(July 2003) High rates of childhood illnesses and deaths in Liberia offer some of the clearest signs yet of the impact of Liberia’s prolonged war and political instability. Renewed fighting in a civil war that ran through much of the 1990s has displaced hundreds of thousands of people, many of whom remain in the country in makeshift shelters while others flee to Côte d’Ivoire, Guinea, Sierra Leone, Ghana, or Nigeria.
For this population of slightly more than 3 million, a 1996 peace agreement signaled an end to a nearly seven-year war and the hope that much of the country and its institutions would be rehabilitated. Recent fighting, coupled with United Nations sanctions, however, once again threatens the future of this largely young population (43 percent is under age 15). By the end of 2002, the conflict had displaced at least 380,000 people, the large majority of them outside of the country, according to the U.S. Committee for Refugees (USCR). Early in July, the USCR estimated that the current crisis had uprooted an additional 300,000 people, with hundreds of others fleeing weekly to neighboring countries.
One of the greatest concerns is the health of children. High rates of infant and child mortality and morbidity make Liberia one of world’s 10 most underdeveloped countries, according to the World Health Organization (WHO). In its 2003 World Population Data Sheet, the Population Reference Bureau places annual deaths of children before their first birthday at 141 for every 1,000 live births. Countries with higher rates include neighboring Sierra Leone (155 per 1,000 live births) and Afghanistan (154), both nations where civil conflict has also devastated public health services. Under-5 mortality in Liberia is around 235 for every 1,000 live births, according to United Nations estimates. For those who live, malnutrition presents another threat. The UN estimates that malnutrition affects 56 percent of children under age 5.
War and conflict also place reproductive health programs at risk. These programs are critical in a country with high fertility and huge risks associated with childbearing. The maternal mortality ratio — 1,000 deaths for every 100,000 live births — is one of the highest in the world. The country is also one of the region’s leaders in fertility, with the average number of children per woman close to seven. At current levels of fertility and mortality, one out of every 12 women in Liberia risks dying of complications of pregnancy or delivery, compared with one in 70 in South Africa, according to UN estimates. By contrast, in the developed world, a woman’s lifetime risk of dying from maternal causes is one in more than 4,000.
Women in Liberia also begin having children when they are young. More than 60 percent of the country’s women have their first birth before age 20, according to The World’s Youth 2000, a PRB publication. The Liberia Demographic and Health Survey conducted before the war showed a relationship between the number of children women had and how far they went in school. Women who had gone to secondary school or beyond averaged fewer than five children. However, education is another of the country’s major challenges, particularly in relation to women. The literacy rate for women 15 years and older is an estimated 38 percent, compared with 70 percent for men, according to PRB’s Women of Our World 2002.
Yvette Collymore is a senior editor at PRB.
|Population Mid-2003||3.3 million|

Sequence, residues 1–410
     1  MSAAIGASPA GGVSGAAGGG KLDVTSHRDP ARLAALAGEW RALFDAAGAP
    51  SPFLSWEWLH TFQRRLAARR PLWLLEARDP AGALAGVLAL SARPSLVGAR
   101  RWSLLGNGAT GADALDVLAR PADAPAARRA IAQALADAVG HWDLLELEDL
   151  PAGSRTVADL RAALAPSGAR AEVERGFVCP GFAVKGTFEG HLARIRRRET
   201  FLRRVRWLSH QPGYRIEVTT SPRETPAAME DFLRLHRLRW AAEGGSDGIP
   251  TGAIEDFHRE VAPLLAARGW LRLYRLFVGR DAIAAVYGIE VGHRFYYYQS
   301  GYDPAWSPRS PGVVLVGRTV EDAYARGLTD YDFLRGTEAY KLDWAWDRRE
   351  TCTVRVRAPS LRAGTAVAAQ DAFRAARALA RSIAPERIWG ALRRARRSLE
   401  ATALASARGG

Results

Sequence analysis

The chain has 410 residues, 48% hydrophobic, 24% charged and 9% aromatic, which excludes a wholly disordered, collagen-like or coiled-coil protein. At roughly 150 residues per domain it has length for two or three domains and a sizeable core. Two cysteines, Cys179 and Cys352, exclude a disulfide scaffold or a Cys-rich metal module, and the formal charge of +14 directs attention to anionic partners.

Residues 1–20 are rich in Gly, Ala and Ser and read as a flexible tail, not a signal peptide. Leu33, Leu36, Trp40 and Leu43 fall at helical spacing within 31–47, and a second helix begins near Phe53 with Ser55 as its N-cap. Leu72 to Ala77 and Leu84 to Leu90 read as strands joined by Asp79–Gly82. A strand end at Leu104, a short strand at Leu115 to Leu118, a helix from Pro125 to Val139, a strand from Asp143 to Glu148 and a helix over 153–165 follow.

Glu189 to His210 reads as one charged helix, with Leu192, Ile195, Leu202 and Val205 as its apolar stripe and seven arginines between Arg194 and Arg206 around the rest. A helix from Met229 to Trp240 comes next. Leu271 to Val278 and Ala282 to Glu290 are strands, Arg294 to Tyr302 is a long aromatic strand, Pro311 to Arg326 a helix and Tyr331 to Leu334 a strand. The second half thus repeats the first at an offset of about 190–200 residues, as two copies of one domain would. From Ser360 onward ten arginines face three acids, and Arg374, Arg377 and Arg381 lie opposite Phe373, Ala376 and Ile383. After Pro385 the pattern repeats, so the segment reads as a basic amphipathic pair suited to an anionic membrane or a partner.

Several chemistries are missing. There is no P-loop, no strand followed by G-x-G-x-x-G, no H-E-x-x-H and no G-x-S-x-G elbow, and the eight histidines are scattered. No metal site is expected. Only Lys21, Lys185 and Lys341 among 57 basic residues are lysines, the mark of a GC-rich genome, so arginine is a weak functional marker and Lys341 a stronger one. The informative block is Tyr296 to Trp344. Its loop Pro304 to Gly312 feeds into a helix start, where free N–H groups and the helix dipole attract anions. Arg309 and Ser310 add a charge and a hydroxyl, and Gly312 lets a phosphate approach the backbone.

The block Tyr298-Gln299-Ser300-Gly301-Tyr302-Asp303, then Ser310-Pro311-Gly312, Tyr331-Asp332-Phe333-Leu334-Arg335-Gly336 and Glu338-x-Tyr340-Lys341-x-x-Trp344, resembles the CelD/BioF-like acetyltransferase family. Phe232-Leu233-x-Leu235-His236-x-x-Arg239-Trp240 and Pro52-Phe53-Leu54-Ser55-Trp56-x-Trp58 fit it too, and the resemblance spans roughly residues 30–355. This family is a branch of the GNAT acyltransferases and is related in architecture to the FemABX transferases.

|Rate of Natural Increase (birth rate minus death rate, expressed as a percentage)||3.1|
|Population Change 2003-2050 (projected %)||165|
|Population 2025 (projected)||5.5 million|
|Population 2050 (projected)||8.8 million|
|Infant Mortality Rate (infant deaths per 1,000 live births)||141|
|Total Fertility Rate (average number of children born to a woman during her lifetime)||6.6|
|Population Under Age 15 (%)||43|
|Population Over Age 65 (%)||3|
|Life Expectancy at Birth, Both Sexes (years)||49|
|Life Expectancy at Birth, Males (years)||47|
|Life Expectancy at Birth, Females (years)||50|
|Urban Population (%)||45|
|Total Area (sq. miles)||43,000|
|Density (population/sq. mile)||77|
|Total Females, 2002||1.6 million|
|Women per 100 Men, 2002||99|
|Women ages 15-49, 2002||800,000|
|Women ages 15-49, 2020 (projected)||1.5 million|
|Maternal Deaths per 100,000 Live Births||1,000|
|Literacy Rate (ages 15+), 2000, Female (%)||38|
|Literacy Rate (ages 15+), 2000, Male (%)||70|
|Labor Force Participation (ages 15-64), 1980, Female (%)||56|
|Labor Force Participation (ages 15-64), 2000, Female (%)||56|
|Labor Force Participation (ages 15-64), 2000, Male (%)||83|
|Women as Percent of Parliament, Oct. 2001||11|
|Women as Percent Ministerial and Sub-Ministerial Officials, 1998||7|
|Population Ages 10-24, 2000||1.2 million|
|Population Ages 10-24, 2025||2.3 million|
|Population Ages 10-24 (% of total) 2000||38|
|Average Age at First Marriage, All Women||20|
|Percent TFR Attributed to Births by Ages 15-19||17|
|Population Ages 15-19, 2000||400,000|
|Illiterate Males Ages 15-19 (%)||39|
|Illiterate Females Ages 15-19 (%)||62|
|Currently Married Females, Ages 15-19 (%)||32|
|Single, Sexually Active Females, Ages 15-19 (%)||41|
|Females Giving Birth by Age 20 (%)||64|
|Births Attended by Trained Personnel, Single Females Ages 15-19 (%)||62|
|Contraceptive Use Among Single Females, Modern Method, Ages 15-19 (%)||12|
|Contraceptive Use Among Married Females, Any Method, Ages 15-19 (%)||2|
|Women Among Population 15-49 with HIV/AIDS (%)||57|
Sources: Carl Haub, 2003 World Population Data Sheet (Washington, DC: PRB, 2003); Justine Sass and Lori Ashford, Women of Our World 2002 (Washington, DC: PRB, 2002); PRB, The World’s Youth 2000 (Washington, DC: PRB, 2000).